Every quarter the Environment Agency (EA) release recycling figures showing how many tonnes of each packaging material has been recycled in that particular period.
The EA get this information directly from the reprocessors and it can be used as an indication of whether the UK is on track to meet its annual recycling targets.
Following the publication of the Q3 provisional recycling figures, we take a look at what they mean for the remainder of the year and potential impacts for 2016.
Coming out of Q2 there was significant concern surrounding aluminium recycling due to changes in recycling protocols. However, following additional accreditations and actions taken by Defra and EA, aluminium recycling volumes have increased by over 10,000 tonnes – putting it vertically back on track for the 2015 target.
Q4 will be tight, meaning PRN prices are likely to remain high for the rest of the year. Should the current accredited reprocessors continue approval into next year, then 2016 should have an easier start.
Despite being in a good position in the summer, plastic has seen a steady rise in cost over recent months, driven by poor export markets and oil commodity prices. Q3 recycling figures have seen a 12% drop compared to Q2 and despite being on course it means that again Q4 needs to be the strongest performing quarter of the year.
Importantly there are still many exporters and reprocessors that have yet to declare tonnages, which may improve the picture over the coming weeks. The high PRN price should encourage more recycling but with a 5% increase in target for 2016 and probably very little carry over, next year is looking tough for plastic.
Given the recent steel plant closures in the UK, questions have been raised about this material heading into 2016. Q3 figures were down nearly 20,000 tonnes on Q1 and Q2 which should still mean the 2015 target is achieved, but if that performance continues into 2016 then things could be tight for next year.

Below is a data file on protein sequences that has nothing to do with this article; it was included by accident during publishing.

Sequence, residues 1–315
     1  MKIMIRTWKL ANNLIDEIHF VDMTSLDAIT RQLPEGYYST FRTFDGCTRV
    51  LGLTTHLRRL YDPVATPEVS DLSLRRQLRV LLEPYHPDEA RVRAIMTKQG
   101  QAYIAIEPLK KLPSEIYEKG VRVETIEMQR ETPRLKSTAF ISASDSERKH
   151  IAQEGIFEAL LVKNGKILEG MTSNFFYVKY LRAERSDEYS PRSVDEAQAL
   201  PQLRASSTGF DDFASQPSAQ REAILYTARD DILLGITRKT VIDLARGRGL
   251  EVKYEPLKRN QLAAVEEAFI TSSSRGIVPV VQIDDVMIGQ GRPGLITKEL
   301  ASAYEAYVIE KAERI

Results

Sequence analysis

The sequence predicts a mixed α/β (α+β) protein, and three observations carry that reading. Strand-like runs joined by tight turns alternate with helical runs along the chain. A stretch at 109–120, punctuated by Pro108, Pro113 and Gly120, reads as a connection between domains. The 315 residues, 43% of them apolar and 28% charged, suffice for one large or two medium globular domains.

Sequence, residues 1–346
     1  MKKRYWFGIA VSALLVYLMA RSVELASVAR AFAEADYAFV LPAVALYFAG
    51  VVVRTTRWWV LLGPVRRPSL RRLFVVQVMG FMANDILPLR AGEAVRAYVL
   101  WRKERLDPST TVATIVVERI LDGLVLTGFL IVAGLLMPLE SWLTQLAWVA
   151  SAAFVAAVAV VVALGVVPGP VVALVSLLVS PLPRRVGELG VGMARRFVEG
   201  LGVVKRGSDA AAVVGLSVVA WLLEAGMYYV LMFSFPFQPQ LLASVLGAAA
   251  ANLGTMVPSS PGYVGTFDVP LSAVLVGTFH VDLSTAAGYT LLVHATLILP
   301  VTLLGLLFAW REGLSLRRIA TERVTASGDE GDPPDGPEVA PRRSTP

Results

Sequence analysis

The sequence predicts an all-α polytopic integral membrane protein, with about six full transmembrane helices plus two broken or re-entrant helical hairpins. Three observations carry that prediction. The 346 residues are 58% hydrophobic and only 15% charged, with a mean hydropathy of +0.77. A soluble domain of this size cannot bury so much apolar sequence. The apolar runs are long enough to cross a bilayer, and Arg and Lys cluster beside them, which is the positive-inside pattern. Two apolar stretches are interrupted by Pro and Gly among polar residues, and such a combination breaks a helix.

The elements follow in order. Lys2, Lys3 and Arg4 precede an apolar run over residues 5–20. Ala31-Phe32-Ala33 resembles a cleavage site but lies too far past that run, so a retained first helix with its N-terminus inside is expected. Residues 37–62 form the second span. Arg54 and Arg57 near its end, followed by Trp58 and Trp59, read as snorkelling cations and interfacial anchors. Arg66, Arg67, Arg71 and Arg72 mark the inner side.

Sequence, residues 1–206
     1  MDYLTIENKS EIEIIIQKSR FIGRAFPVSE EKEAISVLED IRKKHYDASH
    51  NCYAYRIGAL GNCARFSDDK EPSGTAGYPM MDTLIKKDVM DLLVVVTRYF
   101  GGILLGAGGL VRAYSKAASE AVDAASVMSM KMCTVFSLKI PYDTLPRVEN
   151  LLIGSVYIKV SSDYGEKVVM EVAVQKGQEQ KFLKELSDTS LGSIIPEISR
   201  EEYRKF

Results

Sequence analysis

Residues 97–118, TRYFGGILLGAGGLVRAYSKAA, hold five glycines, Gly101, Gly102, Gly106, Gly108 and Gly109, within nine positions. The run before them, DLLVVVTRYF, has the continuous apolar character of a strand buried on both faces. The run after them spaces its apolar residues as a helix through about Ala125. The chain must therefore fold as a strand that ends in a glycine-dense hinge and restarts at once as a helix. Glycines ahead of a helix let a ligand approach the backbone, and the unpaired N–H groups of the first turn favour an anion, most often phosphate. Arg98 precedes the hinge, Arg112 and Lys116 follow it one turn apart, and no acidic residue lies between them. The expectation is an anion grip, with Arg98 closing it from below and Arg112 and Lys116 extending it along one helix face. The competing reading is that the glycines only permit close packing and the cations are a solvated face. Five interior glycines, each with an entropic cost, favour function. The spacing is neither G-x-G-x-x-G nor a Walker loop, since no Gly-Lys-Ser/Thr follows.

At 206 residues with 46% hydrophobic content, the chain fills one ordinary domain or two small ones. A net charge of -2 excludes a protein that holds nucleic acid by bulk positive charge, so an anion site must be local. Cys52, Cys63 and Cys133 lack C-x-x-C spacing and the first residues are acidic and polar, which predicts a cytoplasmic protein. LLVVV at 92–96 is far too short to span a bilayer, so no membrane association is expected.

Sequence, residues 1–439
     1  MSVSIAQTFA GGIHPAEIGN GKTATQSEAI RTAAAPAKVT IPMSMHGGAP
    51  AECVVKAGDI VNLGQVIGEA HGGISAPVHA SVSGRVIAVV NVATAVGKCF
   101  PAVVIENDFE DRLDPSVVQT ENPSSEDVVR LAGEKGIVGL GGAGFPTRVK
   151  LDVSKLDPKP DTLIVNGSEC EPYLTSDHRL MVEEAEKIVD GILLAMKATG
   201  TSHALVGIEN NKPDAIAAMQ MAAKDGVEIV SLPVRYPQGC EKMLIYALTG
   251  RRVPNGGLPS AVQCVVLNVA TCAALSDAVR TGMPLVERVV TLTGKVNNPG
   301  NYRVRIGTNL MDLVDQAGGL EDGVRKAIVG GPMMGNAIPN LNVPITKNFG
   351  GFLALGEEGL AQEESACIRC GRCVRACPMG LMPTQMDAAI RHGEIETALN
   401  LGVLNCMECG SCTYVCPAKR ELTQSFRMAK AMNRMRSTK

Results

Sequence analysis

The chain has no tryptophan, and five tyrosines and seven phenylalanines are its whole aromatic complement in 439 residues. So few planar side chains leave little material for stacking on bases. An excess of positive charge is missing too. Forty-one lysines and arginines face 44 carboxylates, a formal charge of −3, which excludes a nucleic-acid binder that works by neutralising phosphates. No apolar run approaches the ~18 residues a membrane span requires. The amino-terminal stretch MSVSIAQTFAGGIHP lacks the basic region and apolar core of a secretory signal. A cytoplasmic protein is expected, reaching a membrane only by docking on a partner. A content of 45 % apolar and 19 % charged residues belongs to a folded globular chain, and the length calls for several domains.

Glass had an excellent Q3, up nearly 50,000 tonnes on the previous two quarters. This is the highest performance in glass for over three years and it puts glass well on course to achieve its target comfortably.
This is great news for glass producers who have seen very turbulent prices over recent years and with PRNs sitting at a steady level for much of 2015, it seems that the market has self-corrected to find a balance between incentive to recycle and viability for producers.
The new R1 status requirement for EfW reprocessors has led to a huge shortfall in PRNs this year. Despite a steady increase in performance over each quarter, it’s doubtful that there will be enough to cover the UK obligation. This will likely mean that this obligation will have to be covered by recycling (material) PRNs, most likely paper.
If you have any questions or concerns about how the latest recycling figures could affect your packaging compliance obligation, simply give our team of specialists a call on 0845 094 2228 or email firstname.lastname@example.org.
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